The Census Bureau has done it again.
Once more, for the 99th straight year, it has produced a tome that all kinds of people -- in business, libraries, academia, research, government, writing -- are clamoring to get.
The 1,057-page volume, published yesterday, is called the "Statistical Abstract of the United States."
At first glance, you might not think its 1,582 tables and 125 pages of appendices that pile fact upon dry fact and figure upon relentless figure are the stuff that inspire poets to write odes.
But the friendly folks at the Census Bureau see it differently. Why, to them it's almost as lovely as that imaginary Grecian are that impelled John Keats into a poetic rhapsody proclaiming that "beauty is truth, truth beauty."
The Abstract "is very close to truth," says Helen E. Teir, who heads the 20-member staff that compild the data for the book. "It's as authoritative as statisics can be, and it supports our quest ofor truth."
Bureau spokesman Henry Smith was more graphic. "Oure is the book for thinkers. The World Almance may have all the oh-gee-gosh facts -- from the tallest buildings to the football yardage -- but we have the real measures of American society. That's the difference."
Indeed, the Abstract does have a lot of measures. Often its figures confirm what we already know. For instance what we already know. For instance there are more divorces now than in past years -- 5.1 per 1,000 persons in 1977, compared with 2.2 in 1960 and 3.5 in 1979.
Marriages? There were more in 1977, 10.1 per 1,000, than in but there were fewer than in 1970, when the figure was 10.6.
In 1970 there were norm people in their marriagable 20s, one source noted. As the decade wore on, there were fewer of them, and more people of all ages had taken to living together without marriage.
A particularly revealing statistic shows that for every 1,000 single women aged 20 to 24,264 of them got married in 1960, 220 in 1970 and 133 in 1976.
But for those who insist the institution is not dying, there are these comforting figures -- remarriages increased from 197,000 in 1960 to 393,000 in 1970 to 518,000 in 1976.
"You can keep pursuing an idea from one figure to the next so that in the end, you are so confused, you don't know what you've proved," the source observed.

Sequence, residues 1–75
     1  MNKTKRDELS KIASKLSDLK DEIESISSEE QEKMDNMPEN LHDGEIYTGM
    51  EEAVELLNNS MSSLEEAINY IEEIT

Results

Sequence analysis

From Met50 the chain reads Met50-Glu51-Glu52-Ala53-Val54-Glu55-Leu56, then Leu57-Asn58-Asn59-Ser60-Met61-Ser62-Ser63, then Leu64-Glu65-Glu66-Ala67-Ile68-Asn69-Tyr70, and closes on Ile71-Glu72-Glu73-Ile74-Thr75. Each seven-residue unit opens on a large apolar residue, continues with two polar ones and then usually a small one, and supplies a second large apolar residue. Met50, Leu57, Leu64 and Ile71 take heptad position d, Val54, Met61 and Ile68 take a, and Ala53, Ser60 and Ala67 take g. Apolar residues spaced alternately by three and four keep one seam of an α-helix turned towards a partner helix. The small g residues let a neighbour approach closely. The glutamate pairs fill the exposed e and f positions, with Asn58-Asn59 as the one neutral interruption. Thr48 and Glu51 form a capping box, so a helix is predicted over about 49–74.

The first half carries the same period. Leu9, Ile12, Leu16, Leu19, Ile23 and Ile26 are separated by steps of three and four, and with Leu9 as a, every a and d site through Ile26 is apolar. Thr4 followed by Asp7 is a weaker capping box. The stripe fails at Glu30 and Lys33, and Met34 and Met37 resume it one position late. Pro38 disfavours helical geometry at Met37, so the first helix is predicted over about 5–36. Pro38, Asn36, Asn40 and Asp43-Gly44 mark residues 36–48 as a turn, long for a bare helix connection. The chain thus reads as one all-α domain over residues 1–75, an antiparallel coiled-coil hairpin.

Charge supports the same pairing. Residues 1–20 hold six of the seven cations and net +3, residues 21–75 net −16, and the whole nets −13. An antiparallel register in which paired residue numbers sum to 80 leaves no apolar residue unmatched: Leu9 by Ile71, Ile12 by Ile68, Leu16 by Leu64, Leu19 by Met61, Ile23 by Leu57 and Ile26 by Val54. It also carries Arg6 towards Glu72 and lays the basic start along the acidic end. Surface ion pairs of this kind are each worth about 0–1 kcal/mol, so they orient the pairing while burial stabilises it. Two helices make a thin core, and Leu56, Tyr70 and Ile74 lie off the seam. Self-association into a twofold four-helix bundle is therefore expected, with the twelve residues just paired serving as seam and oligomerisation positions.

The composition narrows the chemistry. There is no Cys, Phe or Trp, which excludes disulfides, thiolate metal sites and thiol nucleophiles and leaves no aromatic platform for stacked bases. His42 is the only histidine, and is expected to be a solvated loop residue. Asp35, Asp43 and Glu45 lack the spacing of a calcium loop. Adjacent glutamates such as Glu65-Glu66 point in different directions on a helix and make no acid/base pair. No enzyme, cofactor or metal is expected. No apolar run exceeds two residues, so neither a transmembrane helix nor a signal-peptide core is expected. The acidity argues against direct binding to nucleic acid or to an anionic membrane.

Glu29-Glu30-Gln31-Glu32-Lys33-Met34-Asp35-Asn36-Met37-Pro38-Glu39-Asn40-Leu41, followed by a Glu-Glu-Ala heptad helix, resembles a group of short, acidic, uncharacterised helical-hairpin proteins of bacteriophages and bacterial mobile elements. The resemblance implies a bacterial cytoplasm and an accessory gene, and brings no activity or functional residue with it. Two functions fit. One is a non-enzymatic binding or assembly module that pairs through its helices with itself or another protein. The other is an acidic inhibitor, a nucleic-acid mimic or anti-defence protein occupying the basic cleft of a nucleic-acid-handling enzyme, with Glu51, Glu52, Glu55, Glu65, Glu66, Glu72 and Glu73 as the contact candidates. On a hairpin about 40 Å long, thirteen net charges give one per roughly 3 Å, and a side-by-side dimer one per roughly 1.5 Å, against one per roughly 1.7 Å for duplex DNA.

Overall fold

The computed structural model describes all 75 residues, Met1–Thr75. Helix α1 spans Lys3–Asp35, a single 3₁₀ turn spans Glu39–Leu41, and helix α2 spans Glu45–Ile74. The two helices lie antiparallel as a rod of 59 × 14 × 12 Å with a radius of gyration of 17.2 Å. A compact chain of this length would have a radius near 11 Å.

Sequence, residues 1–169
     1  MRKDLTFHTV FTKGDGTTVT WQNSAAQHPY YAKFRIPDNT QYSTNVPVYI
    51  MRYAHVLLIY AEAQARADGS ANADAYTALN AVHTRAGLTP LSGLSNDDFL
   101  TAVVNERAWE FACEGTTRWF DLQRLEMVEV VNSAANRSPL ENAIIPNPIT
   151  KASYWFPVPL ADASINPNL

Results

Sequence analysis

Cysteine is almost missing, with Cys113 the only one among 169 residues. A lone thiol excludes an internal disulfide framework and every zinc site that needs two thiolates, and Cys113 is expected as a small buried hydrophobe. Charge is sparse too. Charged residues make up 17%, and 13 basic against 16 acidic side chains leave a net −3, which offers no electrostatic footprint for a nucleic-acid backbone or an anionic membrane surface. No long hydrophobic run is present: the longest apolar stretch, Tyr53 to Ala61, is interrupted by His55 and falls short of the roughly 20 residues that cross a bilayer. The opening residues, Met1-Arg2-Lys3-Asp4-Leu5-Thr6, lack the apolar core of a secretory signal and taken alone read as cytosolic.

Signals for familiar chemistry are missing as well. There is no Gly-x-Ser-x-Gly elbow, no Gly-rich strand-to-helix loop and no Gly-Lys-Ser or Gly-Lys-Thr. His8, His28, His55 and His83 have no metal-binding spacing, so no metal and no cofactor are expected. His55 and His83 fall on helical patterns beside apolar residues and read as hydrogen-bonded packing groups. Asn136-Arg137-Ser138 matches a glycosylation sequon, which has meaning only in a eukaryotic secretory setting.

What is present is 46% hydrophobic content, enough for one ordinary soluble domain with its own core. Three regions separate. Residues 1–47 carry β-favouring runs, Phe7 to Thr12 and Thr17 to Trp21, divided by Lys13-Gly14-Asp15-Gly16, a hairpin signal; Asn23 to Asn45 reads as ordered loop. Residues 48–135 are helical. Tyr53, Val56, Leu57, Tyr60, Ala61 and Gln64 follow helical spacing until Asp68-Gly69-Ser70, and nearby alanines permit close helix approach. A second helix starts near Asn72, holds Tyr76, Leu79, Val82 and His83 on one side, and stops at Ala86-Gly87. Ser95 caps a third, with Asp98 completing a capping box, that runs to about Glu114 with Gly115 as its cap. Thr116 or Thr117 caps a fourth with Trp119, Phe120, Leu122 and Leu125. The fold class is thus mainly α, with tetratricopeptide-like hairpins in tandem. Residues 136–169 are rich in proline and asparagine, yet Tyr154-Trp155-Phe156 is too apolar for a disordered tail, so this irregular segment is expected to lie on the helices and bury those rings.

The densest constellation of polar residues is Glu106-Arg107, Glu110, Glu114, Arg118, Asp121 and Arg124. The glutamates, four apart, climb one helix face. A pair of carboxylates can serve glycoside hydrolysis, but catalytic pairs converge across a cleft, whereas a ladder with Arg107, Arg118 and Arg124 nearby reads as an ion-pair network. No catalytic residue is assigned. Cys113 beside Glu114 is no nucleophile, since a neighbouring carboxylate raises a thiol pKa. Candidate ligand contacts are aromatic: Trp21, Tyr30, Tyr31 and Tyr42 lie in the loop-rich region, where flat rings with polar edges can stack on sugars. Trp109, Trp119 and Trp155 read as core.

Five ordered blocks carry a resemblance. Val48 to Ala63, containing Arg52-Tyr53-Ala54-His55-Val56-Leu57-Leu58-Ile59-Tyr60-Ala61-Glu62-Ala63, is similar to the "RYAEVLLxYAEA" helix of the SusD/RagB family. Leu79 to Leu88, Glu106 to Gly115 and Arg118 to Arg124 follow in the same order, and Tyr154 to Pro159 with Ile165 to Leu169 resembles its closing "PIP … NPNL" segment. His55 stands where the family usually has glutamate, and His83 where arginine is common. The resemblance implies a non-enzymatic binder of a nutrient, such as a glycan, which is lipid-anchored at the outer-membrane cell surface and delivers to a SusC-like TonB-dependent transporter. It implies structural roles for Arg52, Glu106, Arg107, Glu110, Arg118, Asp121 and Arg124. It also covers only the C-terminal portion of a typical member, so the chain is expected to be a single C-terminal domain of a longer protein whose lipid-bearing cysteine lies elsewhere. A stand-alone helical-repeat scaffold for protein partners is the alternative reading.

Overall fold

The Abstract has measures of our wealth. Last year 97.6 percent of all households had television sets. In 1967 93.6 percent had them, so there wasn't much of an increase. But 76 percent of all households and color sets last year, compared with 15 percent that had them in 1967.
The Abstract tells us much about how we live. More of the elderly widowed people are living alone, for instance. More than 80 percent of them did so in 1977, compared with about 72 percent in 1968. Of the 15.5 million people of all ages living alone, nearly two-thirds are women.
The volume also tells how we die. Heart disease is still the biggest killer although fewer men died of ti in 1976 than in 1960 and 1970. The heart death rate for women was also down from 1960 and 1970 but up from that in 1975. Cancer death rates for both sexes have steadily gone up, particularly those for lung cancer.
One poignant measure of women's longevity is a table showing that for every 100 widowers, there were 531 widows in 1977 -- a great increase over the 475 total in 1970.
Reflecting the rising importance of the nation's Hispanic minority, the Abble on household characteristics -- such as age, size, and type of employment -- that lists Hispanic as well as black households separately. It shows that 37.3 percent of Hispanics are in blue-collar jobs, compared with 26.3 percent for blacks and 26.6 percent for Americans generally.
Parts of the Abstract are hard to read. There are primary individuals and secondary individuals. There are weighted averages and observed proportions and probability samples.
But to Census Bureau staffers, who obviously sing their own Ode to the Abstract, the whole thing is sheer poetry. "We love it dearly," says Teir, "and the beauty of it is that it comes out every year."